No One Is Just An Auditory, Kinesthetic, or Visual Learner; Best Teaching Practices


Leadership Lanes by Toni Armstrong (A Multi-Part Series Presented by Swimming World).

Teaching to one learning style handicaps the learner from fully comprehending their experience because no one is a single learning style.

All coaches are familiar with learning modalities—kinesthetic, auditory, and visual—and it is common practice to gear a lesson towards the dominant modality of the student.  If you were trying to teach a more efficient catch in freestyle, you would describe the catch to the auditory learner, demonstrate it to the visual learner, and manually manipulate the arm of the kinesthetic swimmer.  It is quite unfortunate that this is a very common approach to teaching an athlete, because this approach is wrong. In fact, this approach will handicap a swimmer’s learning abilities in the future.

Modern brain-based research indicates that everyone possesses the abilities to learn kinesthetically, auditorily, and visually, and that our modalities exist together on a continuum.  We may identify a swimmer as dominantly kinesthetic, but that doesn’t mean that they are only a kinesthetic learner or that audio and visual won’t work as well.

Take a swimmer that is 75% kinesthetic, 15% visual, and 10% auditory. When you teach them solely through a kinesthetic process, you only reaching 75% of their learning capacity. Teaching them through all three modalities not only reaches 100% of their learning capacity, but it reaches the dominantly auditory and visual learners too. In essence, teaching to all modalities kills two birds with one gigantic bazooka.

Learning strengths change based on experiences, needs, and age.  We have all heard of critical windows; they exist based on our physiological development.  Dr. Maria Montessori’s early discoveries of teaching windows drove her creation of the Montessori Method.  She argued that ages 0-6 were critical windows for developing language, while 6-12 were windows for moral, social and mental independence.

These theories were written in the early 1900’s and still hold true to today’s research; they support the argument that learning strengths change along with our physiological development.  If we only use one way to connect with the athlete, we are prohibiting their other strengths from developing. This could handicap future athletic development during future critical windows.

And here is the kicker: there are more than 3 learning modalities.

Dr. Howard Gardner, professor of education at Harvard University, argues that we have the capacity to learn through at least 8 different methods he identifies as Multiple Intelligences:

  • Verbal / Linguistic – To think in words and to use language to express and understand complex meanings.  Sensitivity to the meaning and order of words, their sounds, rhythms, and inflections.  This athlete needs things explained to them specifically and concisely.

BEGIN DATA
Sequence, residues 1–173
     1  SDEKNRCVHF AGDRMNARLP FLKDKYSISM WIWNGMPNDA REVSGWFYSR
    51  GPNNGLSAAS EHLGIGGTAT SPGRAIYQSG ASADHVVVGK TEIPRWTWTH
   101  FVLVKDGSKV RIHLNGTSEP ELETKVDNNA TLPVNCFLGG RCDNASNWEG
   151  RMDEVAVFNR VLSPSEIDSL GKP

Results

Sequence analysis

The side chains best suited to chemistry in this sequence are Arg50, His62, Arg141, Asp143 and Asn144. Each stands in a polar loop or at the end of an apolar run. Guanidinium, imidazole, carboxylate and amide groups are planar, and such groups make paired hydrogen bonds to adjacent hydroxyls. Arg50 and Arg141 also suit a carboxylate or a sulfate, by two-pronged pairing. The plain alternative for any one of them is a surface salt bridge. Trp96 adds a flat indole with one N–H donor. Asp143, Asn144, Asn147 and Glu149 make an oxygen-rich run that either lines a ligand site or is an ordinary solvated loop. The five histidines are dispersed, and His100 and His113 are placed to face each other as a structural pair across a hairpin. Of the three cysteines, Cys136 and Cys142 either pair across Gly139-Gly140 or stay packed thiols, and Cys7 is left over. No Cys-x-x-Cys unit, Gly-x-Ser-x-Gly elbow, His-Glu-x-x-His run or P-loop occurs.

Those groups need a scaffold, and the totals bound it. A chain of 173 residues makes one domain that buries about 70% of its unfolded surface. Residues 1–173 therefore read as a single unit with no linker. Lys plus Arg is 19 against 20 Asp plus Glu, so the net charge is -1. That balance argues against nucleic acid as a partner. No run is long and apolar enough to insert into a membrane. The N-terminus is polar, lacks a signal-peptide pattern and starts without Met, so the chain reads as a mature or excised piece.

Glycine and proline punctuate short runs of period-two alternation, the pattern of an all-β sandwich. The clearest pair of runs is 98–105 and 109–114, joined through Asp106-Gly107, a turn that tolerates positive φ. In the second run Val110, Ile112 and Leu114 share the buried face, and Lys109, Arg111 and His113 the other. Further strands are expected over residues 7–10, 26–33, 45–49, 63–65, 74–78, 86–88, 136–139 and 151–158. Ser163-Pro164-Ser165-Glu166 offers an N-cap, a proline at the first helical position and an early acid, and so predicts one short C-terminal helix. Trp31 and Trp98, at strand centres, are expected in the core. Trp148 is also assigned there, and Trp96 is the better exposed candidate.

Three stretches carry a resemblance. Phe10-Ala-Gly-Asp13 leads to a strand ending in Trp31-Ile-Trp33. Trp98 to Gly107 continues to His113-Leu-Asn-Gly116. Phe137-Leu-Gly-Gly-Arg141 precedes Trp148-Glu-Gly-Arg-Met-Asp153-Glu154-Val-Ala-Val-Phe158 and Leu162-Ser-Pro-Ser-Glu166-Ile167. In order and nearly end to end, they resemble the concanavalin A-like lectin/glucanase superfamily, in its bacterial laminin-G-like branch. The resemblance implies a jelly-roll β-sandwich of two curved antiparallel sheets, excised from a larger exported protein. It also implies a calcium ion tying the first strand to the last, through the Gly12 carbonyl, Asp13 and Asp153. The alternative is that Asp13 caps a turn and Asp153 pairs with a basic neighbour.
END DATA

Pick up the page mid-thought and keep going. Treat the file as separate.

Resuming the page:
• Logical / Mathematical – To think of cause and effect and to understand relationships among actions, objects, or ideas.  To be able to calculate, quantify, and perform complex mathematical or logical operations. This athlete needs to understand the numbers behind their skills, sets and practices as well as their splits and how they align with their goals.
  • Musical –  To think in sounds, rhythms, melodies, and rhymes.  This athlete needs to hear the sounds associated with their technique, the sounds of their skills, and will understand their lesson best through rhymes and rhythms.
  • Bodily / Kinesthetic – To think in movements and to use the body in skilled and complicated ways.  This athlete needs to feel the physical sense of timing and coordination.
  • Naturalist – To understand the natural world and scientific systems.  This athlete needs to know the science behind what they do and feel a connection with the aquatic and scientific world.
  • Interpersonal – To think and understand another person, to have empathy. This includes interacting effectively with one or more people among family, friends, or working relationships.  This athlete must connect emotionally with a group or individual to enable them to learn most efficiently. They need to know how their coach and team mates tick and feel emotionally safe within their community.
  • Intrapersonal –To think about and understand one’s self.  To be aware of one’s strength and weaknesses.  To reflect on and monitor one’s thoughts and feelings.  This athlete needs their coach to allow them to learn and process information independently.
  • Spatial/Visual – To think in pictures and to perceive the visual world accurately.  To think in three dimensions and to transform one’s perceptions. To work with objects.  This athlete needs a coach who shows them videos and diagrams in order to learn. They may need to manipulate an object in order to listen most effectively.

What does this all mean?

It means that no one is an auditory, kinesthetic, or visual learner.  Our athlete’s brains more closely resemble a rainbow-colored lava lamp: they are a beautiful blend of continual changing learning strengths.  The next time you are teaching a lesson to your athlete(s), ask yourself, “am I reaching all their intelligences?” Chances are you aren’t, and it isn’t because you aren’t teaching to their strength; it’s because you aren’t teaching to their full capacity.  Instead of teaching your lesson over and over, teach it in a variety of ways to reach all of your athletes’ diverse learning abilities. Teach to their full and future capacities.

To learn more about Toni Armstrong please visit – Leadership mentor and owner of a leadership development company centered out of Baltimore, MD

All commentaries are the opinion of the author and do not necessarily reflect the views of Swimming World Magazine nor its staff.